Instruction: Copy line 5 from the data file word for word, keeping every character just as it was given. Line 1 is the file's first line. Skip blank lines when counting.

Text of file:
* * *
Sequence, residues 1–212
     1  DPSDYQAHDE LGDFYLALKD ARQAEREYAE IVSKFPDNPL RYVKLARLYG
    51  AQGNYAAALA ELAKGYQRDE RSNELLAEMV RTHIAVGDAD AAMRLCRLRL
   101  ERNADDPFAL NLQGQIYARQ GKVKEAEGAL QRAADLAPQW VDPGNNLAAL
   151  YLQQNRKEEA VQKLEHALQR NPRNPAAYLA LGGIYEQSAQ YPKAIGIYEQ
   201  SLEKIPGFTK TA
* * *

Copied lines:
   151  YLQQNRKEEA VQKLEHALQR NPRNPAAYLA LGGIYEQSAQ YPKAIGIYEQ